Corporate relocation packages are growing in popularity, because they can consolidate moving expenses for a business, which makes the process so much more manageable. . In fact, corporate moves have increased 30% since 2010, while 32.9% of corporate businesses considered relocation in 2013. However, the major majority (70%) of businesses who moved said that they wished it could’ve gone more smoothly.
The key to having a successful relocation lies in the negotiations of a corporate relocation package. After all, according to U.S. News 65% of firms offer relocated employees full reimbursement, while 87% of firms have a relocation policy already in place. This means that most these companies have a successful plan and strategy already in place. However, the terms of these plans can in fact be negotiated, which if handled correctly, could effectively make the relocation much more smooth.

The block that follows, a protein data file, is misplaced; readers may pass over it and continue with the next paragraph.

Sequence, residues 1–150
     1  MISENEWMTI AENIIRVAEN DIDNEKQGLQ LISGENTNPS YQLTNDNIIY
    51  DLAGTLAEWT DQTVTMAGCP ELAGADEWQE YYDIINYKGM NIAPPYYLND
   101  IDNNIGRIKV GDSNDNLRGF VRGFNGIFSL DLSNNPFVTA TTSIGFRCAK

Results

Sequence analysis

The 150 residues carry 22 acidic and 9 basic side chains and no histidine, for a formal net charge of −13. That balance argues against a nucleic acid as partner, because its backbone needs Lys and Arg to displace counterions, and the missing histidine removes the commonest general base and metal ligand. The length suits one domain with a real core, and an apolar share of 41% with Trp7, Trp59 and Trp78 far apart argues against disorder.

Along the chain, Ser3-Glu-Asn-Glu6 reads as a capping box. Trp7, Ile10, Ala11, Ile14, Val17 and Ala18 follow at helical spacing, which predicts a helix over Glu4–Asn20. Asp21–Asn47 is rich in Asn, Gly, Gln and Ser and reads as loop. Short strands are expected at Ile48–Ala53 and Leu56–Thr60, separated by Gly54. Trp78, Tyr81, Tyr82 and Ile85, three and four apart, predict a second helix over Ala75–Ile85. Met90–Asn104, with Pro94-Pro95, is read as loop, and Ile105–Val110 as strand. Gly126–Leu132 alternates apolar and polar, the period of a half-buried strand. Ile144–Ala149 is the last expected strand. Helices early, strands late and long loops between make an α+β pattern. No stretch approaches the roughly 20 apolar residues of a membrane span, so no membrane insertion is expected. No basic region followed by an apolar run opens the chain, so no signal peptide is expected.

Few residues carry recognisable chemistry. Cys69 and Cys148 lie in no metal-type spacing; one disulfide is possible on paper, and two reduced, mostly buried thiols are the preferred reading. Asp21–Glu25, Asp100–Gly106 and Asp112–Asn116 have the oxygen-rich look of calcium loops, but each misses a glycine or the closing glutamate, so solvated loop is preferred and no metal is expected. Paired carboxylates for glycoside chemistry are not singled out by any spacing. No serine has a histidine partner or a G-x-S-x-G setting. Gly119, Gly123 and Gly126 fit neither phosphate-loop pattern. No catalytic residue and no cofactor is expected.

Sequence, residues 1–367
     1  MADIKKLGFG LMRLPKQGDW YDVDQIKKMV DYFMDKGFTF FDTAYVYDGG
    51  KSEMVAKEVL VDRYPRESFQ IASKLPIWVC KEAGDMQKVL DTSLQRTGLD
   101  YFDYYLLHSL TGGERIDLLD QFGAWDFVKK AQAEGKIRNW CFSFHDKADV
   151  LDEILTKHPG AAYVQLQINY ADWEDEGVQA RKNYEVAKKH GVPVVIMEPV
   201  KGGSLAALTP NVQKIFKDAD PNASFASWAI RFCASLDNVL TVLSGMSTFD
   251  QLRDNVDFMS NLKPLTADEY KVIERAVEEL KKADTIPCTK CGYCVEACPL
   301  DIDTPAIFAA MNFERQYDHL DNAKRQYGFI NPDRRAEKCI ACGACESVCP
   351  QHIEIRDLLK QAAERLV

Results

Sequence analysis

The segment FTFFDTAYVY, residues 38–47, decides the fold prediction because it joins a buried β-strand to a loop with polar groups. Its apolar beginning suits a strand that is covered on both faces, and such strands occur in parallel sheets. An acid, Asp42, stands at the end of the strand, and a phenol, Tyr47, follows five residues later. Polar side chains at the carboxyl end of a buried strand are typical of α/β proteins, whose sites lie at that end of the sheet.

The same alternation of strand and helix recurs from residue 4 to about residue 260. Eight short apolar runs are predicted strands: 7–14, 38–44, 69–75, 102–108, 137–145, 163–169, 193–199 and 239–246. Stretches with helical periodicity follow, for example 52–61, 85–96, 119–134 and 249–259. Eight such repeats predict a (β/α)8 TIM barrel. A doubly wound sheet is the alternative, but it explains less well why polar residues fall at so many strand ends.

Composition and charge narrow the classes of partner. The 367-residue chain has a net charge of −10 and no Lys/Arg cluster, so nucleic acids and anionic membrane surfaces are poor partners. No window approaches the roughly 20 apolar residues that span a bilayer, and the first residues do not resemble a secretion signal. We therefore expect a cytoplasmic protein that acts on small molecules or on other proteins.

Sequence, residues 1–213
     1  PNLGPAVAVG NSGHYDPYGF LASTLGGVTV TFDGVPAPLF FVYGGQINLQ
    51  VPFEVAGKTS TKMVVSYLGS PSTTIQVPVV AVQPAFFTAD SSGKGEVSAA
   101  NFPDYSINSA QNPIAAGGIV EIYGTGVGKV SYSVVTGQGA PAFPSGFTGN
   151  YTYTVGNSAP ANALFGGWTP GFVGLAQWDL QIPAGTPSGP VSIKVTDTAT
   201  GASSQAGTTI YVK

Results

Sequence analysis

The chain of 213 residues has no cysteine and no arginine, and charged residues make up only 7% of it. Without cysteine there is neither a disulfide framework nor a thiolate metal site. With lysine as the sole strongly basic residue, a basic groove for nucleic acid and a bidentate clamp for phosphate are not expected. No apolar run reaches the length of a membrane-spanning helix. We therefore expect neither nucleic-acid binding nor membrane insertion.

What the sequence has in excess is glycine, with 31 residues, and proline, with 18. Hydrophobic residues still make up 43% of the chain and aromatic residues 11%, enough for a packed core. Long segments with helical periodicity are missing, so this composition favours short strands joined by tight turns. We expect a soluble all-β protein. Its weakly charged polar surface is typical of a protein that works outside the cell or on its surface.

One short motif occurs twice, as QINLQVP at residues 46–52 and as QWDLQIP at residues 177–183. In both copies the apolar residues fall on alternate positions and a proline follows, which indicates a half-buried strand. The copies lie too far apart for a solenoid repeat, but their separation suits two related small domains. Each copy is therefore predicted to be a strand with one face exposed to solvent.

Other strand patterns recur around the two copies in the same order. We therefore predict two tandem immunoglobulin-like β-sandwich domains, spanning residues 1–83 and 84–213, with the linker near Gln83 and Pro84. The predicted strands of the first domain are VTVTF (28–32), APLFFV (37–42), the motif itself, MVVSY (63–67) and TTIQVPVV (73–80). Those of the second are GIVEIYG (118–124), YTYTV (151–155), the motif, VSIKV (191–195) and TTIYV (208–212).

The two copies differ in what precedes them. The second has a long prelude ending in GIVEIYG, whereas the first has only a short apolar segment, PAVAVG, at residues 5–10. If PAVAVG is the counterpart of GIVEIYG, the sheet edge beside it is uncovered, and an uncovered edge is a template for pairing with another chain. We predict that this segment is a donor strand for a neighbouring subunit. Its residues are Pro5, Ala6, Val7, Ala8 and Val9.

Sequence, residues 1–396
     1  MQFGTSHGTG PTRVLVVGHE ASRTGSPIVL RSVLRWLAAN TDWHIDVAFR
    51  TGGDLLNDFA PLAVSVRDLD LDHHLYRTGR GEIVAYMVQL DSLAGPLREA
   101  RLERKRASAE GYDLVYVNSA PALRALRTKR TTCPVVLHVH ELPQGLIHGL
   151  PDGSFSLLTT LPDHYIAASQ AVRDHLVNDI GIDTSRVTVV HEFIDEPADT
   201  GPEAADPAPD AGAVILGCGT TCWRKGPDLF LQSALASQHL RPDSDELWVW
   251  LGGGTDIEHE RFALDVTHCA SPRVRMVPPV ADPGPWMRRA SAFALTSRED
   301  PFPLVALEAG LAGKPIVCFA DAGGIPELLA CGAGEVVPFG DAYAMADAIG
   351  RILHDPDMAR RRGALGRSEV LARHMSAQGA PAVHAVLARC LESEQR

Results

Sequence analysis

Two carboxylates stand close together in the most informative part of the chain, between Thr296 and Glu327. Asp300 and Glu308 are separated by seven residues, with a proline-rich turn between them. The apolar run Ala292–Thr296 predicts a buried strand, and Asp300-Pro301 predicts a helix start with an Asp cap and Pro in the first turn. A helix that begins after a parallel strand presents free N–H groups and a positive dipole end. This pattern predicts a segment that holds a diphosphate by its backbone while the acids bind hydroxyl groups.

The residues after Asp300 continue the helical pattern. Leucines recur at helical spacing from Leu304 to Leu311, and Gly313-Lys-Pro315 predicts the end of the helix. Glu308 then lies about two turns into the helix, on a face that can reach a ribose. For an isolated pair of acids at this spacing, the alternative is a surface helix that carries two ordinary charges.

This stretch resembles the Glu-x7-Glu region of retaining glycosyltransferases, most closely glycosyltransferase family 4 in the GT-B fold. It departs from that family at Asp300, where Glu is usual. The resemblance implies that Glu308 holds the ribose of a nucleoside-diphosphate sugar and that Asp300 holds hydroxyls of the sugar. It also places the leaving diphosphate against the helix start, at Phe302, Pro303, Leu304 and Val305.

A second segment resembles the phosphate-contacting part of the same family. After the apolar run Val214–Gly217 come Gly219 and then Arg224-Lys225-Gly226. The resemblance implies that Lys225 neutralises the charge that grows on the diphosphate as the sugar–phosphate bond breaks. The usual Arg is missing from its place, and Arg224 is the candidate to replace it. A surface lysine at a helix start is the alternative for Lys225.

The first thing to know about negotiating a corporate relocation package is the “it never hurts to ask” rule, meaning, well, it never hurts to ask the company whether or not they’ll pay for some items. Some of the most common and basic items open for negotiation are: family and spousal assistance, temporary living arrangements, housing and moving costs, and travel expenses. Keeping the rule in mind, it’s best to enter negotiations going for it all, but having a bottom line of items you expect to have covered in the corporate relocation package.
What makes the negotiations of a corporate relocation package successful is the mutual interest shared by both the employee and the employer. In the end, the two want the same thing: for the employee to relocate successfully so as to begin work as soon as possible for the employer. Of course, the employee needs to be reasonable with his or her requests, and as long as they are, there should be no reason that the terms of a corporate relocation package are acceptable to each.
If you have any questions or concerns about negotiating a corporate relocation package, feel free to ask in the comments.
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